The Tihar Jail, one of the country’s largest jails, released 419 prisoners on March 28 following the Supreme Court directive. News reports said while the 356 inmates were released on a 45-day interim bail, the rest of the 63 were released on eight-week emergency parole. Soon after the apex court orders, the jail authorities had announced that it would release 3,000 inmates. While the jail’s capacity is for 10,000 inmates, it has over 18,000 persons currently.
Punjab too has decided to release around 6,000 prisoners from jails to decongest the state’s prisons. On March 27, jails minister Sukhjinder Singh Randhawa told mediapersons in Chandigarh that while the convicts would be released on parole for six weeks, the under-trials would also be sent out of jails for the same period of time under bail.
While the 24 jails across Punjab have the capacity to accommodate 23,488 prisoners, it presently has 24,000 of them.
Kerala, one of the worst-hit states by COVID-19, has, however, made use of the prisoners to roll out face masks and sanitisers. Reports coming from the southern state said till March 29, as many as 6,000 masks were made by prisoners housed in Viyyur, Thiruananthapuram and Kannur central jails.
Kerala too has formed a high level committee to grant parole and bail to eligible convicts and under-trials shortly. The state has so far not announced any particular number of inmates to be released from the prisons.
The Haryana government has also set up a high level committee to release on parole the convicts who have been sentenced up to seven years and under-trials on bail. A statement issued in Chandigarh by jail minister Ranjit Singh Chautala said priority would be given to inmates over 65 years of age “and are not involved in more than one cases but are not convicted for cases of rape, (under) POSCO Act, NDPS Act or for acid attacks”. It has not yet announced any number of inmates to be released from prisons.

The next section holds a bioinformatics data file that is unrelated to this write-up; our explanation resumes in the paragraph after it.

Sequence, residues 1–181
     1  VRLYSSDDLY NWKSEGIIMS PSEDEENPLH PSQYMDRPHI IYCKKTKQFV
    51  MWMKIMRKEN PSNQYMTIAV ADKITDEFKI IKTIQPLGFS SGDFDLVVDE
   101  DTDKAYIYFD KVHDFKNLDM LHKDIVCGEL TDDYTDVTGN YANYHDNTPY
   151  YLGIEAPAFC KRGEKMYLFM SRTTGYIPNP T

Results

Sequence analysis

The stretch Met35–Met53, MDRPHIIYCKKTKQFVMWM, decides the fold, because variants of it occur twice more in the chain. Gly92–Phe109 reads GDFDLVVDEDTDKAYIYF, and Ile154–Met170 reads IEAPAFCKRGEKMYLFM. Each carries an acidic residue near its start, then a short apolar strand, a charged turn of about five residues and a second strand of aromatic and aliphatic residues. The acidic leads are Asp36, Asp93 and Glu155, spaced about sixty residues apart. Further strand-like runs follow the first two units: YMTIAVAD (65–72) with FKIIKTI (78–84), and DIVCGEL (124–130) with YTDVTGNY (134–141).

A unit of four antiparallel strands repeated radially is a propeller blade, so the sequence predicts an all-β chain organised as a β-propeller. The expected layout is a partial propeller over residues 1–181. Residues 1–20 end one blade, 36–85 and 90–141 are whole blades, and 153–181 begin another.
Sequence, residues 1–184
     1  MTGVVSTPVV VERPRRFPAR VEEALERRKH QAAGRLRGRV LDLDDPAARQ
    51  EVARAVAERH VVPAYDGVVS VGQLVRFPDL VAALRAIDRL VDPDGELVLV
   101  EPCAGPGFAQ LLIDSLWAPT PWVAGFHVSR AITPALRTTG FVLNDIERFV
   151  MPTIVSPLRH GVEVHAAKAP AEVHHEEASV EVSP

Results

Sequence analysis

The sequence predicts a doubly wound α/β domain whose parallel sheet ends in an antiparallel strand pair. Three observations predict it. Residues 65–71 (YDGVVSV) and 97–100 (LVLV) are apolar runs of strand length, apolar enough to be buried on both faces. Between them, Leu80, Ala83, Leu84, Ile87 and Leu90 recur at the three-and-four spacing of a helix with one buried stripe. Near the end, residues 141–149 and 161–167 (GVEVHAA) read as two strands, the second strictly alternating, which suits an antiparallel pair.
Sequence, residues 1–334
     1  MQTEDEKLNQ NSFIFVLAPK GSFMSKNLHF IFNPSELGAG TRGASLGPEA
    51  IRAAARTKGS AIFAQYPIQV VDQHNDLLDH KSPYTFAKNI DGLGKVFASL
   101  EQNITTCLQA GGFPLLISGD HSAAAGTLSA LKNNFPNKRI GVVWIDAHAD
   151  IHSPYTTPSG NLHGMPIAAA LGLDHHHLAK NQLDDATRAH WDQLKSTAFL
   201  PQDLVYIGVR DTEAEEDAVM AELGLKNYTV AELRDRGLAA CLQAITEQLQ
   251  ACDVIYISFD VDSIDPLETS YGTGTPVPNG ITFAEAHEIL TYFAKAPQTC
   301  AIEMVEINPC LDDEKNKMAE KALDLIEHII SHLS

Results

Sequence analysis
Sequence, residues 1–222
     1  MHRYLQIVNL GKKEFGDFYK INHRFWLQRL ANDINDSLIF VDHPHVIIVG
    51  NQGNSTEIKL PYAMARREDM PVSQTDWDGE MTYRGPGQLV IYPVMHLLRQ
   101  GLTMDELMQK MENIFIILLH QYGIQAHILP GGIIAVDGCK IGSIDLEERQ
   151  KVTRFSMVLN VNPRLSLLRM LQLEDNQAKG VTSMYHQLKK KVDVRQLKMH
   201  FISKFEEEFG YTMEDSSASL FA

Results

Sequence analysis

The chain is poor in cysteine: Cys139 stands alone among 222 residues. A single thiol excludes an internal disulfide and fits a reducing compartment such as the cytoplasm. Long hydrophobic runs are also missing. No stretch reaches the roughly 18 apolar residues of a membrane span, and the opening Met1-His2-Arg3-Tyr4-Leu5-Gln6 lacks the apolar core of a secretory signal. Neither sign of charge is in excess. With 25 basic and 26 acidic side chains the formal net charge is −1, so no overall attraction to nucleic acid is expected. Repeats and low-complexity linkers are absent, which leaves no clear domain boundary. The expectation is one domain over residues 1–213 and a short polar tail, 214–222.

Due to the COVID-19 fear, the Tamil Nadu government has released 1,180 inmates from nine central prisons and has reportedly asked them to appear before their respective courts on April 9. Of those released include 58 prisoners from the Madurai Central Prison and 202 from the Coimbatore Central Prison.
However, a PIL filed at the Madras high court on March 24 by the Prisoners Reform Intervention Support Mission has sought a directive to the state to not only further decongest the jails but also issue other guidelines like setting up isolation wards, allow conduct prison adalats, and special health check-ups of the inmates.
As per latest reports from Dehradun, the Uttarakhand government will release 855 prisoners on parole from the 11 jails of the state. State cabinet minister and government spokesperson Madan Kaushik told reporters that they would be released for “six months”.
Though overall the state has less prisoners than its capacity, some jails including the one in Dehradun have more inmates than their capacities. A New Indian Express report said, “In Dehradun jail, 1305 inmates are kept against the capacity of 580 while Haridwar jail has 1320 inmates against the capacity of 840. Roorkee sub-jail has 492 inmates against the capacity of 244. In Kumaon division, Nainital district jail has 144 inmates against the capacity of 71 and Almora district jail has 233 inmates against the capacity of 102. Haldwani has 1304 inmates against the capacity of 382.”
Assam has released 41 prisoners from the Tezpur jail on March 28. Mrinmoy Dawka told reporters that 23 of the 41 inmates, “would be kept in isolation under the supervision of health department and the Tezpur Police.”
In the Guwahati Jail though, reports said while three medical officials including a doctor have been deployed by the state health officials besides the usual medical staff of the prison, no inmates have been released yet. The jail, which has a capacity for 1,000 inmates, currently has 1,200 prisoners including well-known peasant leader Akhil Gogoi.
A civil society group from the state has meanwhile appealed to the Supreme Court to issue an order to the state government to release the ‘declared foreigners’ lodged in six jail-cum-detention-centres of the state.
According to latest reports from Bhubaneswar, the Odisha government has finalised the names of 1,727 jail inmates out of whom 80 have been released on March 28. The state has 90 jails with a total capacity to accommodate 18,012 inmates. A news report by The Hindu said, “The authorities are trying to bring down the number by 2,000.”
The Gujarat government too told media persons that it would release around 1,200 prisoners for a period of two months, keeping in mind the coronavirus outbreak.
Latest news reports have also said that efforts are on by Chhattisgarh and West Bengal governments too to release some prisoners to decongest the jails. On March 21, the fear of catching coronavirus among the inmates had led to a riot situation inside the Dum Dum jail on the northern fringes of Kolkata, leading the prisoners to demand their release on bail.